Study finds stabilizing warming at 1.5 ˚C would result in economic hit through 2100; benefits accrue by 2300
A new study by a team from San Jose State University and Stanford University has found that—even under heightened damage estimates—the additional mitigation costs of limiting global warming to 1.5 °C (relative to 2.0 °C) are higher than the additional avoided damages this century under most parameter combinations considered. An open-access paper on their work appears in the journal PLoS ONE
Specifically, the researchers found that under their central parameter values, limiting global warming to 1.5 °C results in a net loss of gross world product of roughly US$40 trillion relative to 2 °C and achieving either 1.5 °C or 2.0 °C requires a net sacrifice of gross world product, relative to a no-mitigation case, though 2100 with a 3%/year discount rate.
Approximate calculations of the net economic impact of global warming mitigation targets under heightened damage estimates. Brown and Saunders
They found that the benefits of more stringent mitigation accumulate over time; the calculations indicate that stabilizing warming at 1.5 °C or 2.0 °C by 2100 would eventually confer net benefits of thousands of trillions of dollars in gross world product by 2300.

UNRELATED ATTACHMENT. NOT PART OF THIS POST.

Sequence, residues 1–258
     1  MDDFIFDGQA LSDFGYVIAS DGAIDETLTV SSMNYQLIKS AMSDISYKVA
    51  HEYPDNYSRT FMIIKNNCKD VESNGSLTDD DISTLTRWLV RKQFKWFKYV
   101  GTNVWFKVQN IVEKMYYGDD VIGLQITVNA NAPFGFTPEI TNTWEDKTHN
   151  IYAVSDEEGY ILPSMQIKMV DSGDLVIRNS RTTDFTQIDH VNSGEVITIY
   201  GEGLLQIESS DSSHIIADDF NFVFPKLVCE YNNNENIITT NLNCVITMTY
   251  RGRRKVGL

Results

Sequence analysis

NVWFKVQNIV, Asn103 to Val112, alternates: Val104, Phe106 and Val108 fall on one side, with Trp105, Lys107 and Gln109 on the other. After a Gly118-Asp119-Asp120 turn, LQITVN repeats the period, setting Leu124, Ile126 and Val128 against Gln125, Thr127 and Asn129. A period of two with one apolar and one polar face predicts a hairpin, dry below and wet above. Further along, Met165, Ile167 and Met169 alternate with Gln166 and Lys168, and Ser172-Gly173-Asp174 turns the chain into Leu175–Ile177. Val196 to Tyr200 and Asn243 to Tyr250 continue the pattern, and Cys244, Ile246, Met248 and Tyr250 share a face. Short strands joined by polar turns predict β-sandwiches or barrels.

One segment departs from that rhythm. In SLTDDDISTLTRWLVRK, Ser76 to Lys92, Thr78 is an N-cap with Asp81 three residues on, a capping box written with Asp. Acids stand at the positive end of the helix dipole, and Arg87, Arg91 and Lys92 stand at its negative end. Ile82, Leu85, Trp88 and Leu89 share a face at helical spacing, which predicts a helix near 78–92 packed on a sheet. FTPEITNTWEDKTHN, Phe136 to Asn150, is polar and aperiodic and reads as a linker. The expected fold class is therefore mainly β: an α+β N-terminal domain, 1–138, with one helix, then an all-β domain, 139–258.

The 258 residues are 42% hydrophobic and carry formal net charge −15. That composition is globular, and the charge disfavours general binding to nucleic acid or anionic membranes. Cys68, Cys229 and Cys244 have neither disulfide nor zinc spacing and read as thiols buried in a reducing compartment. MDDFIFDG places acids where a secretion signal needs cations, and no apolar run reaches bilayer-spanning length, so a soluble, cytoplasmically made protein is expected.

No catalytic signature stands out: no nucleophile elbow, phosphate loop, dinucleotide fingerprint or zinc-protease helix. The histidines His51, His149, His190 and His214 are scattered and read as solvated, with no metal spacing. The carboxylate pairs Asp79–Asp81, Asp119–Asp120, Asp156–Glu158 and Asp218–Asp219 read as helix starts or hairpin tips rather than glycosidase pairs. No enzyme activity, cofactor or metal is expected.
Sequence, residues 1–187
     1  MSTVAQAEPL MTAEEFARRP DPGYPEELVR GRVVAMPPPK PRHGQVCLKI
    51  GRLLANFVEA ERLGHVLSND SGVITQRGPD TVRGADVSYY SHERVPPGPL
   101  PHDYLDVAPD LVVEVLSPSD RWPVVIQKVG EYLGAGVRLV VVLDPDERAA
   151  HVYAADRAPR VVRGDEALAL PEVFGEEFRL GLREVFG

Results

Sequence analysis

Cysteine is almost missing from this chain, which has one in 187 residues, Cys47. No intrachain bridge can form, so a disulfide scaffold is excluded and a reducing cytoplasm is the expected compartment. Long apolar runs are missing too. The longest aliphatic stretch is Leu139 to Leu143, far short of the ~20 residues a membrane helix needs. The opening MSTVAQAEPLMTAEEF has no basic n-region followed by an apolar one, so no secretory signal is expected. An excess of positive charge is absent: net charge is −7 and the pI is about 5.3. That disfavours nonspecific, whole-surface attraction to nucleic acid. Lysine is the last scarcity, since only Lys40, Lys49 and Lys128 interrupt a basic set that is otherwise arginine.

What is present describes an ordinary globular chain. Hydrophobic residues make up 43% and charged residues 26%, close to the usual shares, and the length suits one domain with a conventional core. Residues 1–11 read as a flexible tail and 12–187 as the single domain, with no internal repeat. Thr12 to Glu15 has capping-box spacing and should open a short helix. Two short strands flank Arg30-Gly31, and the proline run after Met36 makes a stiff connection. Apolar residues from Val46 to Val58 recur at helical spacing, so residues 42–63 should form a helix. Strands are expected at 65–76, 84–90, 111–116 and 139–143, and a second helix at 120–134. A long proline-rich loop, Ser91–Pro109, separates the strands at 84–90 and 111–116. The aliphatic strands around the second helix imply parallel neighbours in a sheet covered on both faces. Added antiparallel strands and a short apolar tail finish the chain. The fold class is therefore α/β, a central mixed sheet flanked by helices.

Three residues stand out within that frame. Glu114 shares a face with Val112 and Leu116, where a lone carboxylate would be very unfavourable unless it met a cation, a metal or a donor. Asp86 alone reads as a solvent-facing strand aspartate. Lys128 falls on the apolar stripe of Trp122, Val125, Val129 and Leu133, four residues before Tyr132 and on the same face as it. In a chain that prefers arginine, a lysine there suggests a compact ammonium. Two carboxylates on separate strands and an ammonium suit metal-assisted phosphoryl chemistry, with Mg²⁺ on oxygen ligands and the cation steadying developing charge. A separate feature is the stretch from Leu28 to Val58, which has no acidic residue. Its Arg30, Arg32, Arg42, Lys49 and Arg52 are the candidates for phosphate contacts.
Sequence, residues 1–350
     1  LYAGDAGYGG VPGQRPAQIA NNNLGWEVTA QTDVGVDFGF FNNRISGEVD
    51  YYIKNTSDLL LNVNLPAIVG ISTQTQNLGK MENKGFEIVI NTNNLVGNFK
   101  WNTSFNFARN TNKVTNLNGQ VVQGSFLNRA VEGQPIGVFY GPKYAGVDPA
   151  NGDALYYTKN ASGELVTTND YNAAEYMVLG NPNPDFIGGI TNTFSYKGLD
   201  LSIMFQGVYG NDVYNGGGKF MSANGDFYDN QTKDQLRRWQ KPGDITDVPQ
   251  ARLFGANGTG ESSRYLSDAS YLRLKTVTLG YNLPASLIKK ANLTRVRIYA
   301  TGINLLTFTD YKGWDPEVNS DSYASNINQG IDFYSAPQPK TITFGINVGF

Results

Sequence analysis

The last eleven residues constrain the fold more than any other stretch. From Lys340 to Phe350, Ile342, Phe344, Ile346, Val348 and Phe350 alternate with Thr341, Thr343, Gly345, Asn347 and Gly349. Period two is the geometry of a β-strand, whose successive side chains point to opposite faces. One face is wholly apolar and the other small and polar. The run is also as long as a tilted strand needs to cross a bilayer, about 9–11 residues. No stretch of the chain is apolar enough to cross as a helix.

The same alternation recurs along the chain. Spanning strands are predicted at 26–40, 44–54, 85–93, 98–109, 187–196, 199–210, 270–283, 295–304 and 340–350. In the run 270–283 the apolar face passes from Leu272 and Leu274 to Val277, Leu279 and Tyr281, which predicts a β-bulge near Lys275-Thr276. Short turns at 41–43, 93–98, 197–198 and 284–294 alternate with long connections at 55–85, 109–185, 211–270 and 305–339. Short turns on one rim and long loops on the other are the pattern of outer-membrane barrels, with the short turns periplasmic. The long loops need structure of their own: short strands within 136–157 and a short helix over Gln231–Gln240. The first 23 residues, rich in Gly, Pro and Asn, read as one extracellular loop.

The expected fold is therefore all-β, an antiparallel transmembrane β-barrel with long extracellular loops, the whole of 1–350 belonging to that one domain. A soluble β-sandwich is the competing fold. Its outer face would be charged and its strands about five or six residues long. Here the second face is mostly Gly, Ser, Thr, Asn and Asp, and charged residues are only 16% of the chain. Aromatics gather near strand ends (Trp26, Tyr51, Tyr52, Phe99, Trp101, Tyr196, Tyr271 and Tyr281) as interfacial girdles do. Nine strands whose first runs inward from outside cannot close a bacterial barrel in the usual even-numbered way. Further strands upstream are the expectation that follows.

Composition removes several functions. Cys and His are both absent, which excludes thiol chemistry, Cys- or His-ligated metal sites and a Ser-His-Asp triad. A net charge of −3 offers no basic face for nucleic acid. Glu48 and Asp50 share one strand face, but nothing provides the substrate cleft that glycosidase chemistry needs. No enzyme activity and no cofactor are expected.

The results emphasize the temporal asymmetry between the costs of mitigation and benefits of avoided damages from climate change and thus the long timeframe for which climate change mitigation investment pays off.—Brown and Saunders
Brown and Saunders note that efforts to mitigate global warming are often justified through calculations of the economic damages that may occur absent mitigation. Although the earliest damage estimates were speculative, more recent studies have provided empirical estimates of damages on economic growth that accumulate over time and result in larger damages than those estimated previously.
These damage estimates suggest that limiting global warming this century to 1.5 °C avoids tens of trillions of 2010 US dollars in damage to gross world product relative to limiting global warming to 2.0 °C. However, in order to estimate the net effect on gross world product, mitigation costs associated with decarbonizing the world’s energy systems must be subtracted from the benefits of avoided damages, the authors argue.
In the study, they parameterized heightened damage estimates into a schematic global climate-economy model (DICE) to be weighed against mainstream estimates of mitigation costs in a unified framework.
Brown PT, Saunders H (2020) “Approximate calculations of the net economic impact of global warming mitigation targets under heightened damage estimates.” PLoS ONE 15(10): e0239520 doi: 10.1371/journal.pone.0239520